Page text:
The nature of Baha’i respect for Guru Nanak and Sikhism

Guru Nanak ……… was endowed with a “saintly character” and “was inspired to reconcile the religions of Hinduism and Islam, the followers of which religions had been in violent conflict.”

The Bahá’ís thus view Guru Nanak as a ‘saint of the highest order’.

A saint in the words of ‘Abdu’l-Bahá is “one who leads a life of purity, one who has freed himself from all human weaknesses and imperfections.”

He continues, “Saints are men who have freed themselves from the world of matter and who have overcome sin. They live in the world but are not of it, their thoughts being continually in the world of the spirit. Their lives are spent in holiness, and their deeds show forth love, justice and godliness. They are illumined from on high; they are as bright and shining lamps in the dark places of the earth. These are the saints of God.”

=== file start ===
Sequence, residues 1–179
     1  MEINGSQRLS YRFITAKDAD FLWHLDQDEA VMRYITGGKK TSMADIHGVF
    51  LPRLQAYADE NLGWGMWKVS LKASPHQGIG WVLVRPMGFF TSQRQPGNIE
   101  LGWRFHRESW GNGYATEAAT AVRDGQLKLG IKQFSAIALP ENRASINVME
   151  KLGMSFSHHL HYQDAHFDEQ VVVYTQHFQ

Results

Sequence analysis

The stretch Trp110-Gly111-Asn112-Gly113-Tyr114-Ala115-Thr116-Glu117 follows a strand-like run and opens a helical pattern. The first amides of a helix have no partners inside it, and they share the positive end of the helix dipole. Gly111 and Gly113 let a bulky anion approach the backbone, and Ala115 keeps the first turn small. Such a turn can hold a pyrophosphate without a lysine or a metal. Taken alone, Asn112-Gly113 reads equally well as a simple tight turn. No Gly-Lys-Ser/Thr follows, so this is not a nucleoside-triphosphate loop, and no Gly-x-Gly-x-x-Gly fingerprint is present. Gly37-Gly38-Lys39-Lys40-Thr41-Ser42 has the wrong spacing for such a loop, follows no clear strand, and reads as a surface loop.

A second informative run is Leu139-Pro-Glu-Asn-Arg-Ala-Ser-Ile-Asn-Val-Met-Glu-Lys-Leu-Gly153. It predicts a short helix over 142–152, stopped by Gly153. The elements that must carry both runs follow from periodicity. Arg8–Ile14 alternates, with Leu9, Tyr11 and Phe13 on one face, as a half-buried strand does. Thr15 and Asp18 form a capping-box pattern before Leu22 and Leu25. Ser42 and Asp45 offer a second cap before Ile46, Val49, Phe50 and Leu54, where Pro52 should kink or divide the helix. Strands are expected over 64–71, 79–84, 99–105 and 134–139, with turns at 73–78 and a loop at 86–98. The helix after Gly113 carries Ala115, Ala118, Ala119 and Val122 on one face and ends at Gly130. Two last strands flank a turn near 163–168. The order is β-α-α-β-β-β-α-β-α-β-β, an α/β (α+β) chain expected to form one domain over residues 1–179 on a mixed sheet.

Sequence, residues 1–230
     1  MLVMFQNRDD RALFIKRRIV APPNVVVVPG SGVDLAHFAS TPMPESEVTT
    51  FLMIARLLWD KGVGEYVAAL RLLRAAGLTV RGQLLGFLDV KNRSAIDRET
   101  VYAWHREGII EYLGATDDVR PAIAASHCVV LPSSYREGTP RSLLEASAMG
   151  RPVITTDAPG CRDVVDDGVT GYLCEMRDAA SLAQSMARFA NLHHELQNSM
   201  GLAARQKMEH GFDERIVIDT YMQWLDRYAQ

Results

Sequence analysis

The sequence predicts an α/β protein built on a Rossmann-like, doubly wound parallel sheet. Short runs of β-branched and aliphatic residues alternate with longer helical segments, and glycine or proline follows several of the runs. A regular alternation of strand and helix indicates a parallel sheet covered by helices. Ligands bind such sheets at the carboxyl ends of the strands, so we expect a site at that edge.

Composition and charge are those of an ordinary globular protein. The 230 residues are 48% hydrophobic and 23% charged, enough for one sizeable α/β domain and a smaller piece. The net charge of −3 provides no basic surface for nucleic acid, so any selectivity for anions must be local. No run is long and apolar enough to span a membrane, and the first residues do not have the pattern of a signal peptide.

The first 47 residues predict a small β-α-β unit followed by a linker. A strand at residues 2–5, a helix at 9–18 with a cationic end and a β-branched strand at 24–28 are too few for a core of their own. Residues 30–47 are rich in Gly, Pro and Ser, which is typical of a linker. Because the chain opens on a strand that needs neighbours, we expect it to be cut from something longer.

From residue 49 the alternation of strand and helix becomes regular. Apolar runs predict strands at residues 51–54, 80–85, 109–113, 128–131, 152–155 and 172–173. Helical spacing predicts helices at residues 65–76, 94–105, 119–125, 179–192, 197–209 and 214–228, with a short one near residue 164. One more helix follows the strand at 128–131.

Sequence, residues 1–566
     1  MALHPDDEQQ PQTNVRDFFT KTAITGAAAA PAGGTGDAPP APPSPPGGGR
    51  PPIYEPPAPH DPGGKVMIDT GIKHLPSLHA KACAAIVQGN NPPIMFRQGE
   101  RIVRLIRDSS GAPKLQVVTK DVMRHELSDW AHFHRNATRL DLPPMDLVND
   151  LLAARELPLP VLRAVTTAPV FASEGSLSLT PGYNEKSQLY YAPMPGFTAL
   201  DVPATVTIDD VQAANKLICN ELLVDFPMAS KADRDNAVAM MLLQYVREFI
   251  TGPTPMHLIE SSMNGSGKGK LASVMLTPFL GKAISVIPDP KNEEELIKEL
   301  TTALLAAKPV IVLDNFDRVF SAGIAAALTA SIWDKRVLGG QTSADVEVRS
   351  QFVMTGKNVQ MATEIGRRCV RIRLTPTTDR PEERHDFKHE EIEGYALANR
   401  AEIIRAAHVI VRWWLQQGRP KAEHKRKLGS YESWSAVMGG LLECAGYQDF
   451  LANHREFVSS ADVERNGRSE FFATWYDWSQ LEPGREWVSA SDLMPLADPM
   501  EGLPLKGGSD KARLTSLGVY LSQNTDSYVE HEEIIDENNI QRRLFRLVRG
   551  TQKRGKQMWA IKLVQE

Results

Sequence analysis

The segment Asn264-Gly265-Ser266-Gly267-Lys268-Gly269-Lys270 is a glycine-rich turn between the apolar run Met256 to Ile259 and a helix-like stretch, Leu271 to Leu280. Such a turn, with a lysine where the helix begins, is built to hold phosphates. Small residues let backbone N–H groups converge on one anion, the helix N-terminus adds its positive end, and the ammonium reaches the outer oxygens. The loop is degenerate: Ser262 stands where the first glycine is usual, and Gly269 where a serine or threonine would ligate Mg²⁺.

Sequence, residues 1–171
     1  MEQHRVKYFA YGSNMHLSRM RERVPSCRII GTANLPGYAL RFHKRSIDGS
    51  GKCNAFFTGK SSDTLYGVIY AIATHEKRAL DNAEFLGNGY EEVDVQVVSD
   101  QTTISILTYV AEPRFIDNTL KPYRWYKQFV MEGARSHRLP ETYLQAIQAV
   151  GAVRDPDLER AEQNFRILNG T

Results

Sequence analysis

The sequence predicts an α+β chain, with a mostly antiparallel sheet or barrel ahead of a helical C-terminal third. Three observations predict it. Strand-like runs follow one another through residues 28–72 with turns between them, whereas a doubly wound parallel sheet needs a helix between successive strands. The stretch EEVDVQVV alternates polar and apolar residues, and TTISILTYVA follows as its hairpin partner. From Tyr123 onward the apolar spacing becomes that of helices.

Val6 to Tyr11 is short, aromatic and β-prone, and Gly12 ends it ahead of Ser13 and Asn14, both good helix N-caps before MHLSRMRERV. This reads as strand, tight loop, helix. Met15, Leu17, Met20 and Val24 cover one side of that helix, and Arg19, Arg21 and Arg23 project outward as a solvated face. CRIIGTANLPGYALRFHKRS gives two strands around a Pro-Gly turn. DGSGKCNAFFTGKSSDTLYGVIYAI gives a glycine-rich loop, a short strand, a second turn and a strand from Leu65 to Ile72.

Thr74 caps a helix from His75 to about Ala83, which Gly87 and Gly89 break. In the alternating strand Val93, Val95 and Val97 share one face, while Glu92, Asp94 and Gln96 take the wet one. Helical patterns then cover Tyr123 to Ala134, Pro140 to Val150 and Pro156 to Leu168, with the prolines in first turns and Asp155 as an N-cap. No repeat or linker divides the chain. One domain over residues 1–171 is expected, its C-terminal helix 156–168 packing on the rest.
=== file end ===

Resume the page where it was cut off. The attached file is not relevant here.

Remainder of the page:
I wonder how enlightened Sikhs view the Baha’i Faith?

The quotation “There is no enemy none is…

The quotation: “There is no enemy, none is the other, and a sense of universal
brotherhood has come to me” was a revelation from Guru nanak (1469-1539)
that has powerful implications for Sikhs and Christians today.
It speaks of a powerful re-framing of traditional categories that, in our modern context, often promote
enmity and hatred between people. Guru nanak calls all of us to re-envision the
“other” and to see each other as co-sharers of the exact same source of the grace of
a loving God. When “one is filled with God’s eternal love there is no room for the
limiting chains of seeing your fellow children of God as the “other”.
Christian van Gorder is Associate Professor in the Department of Religion, Baylor
University, Waco, Texas

Click to access Dec2011vanGorder.pdf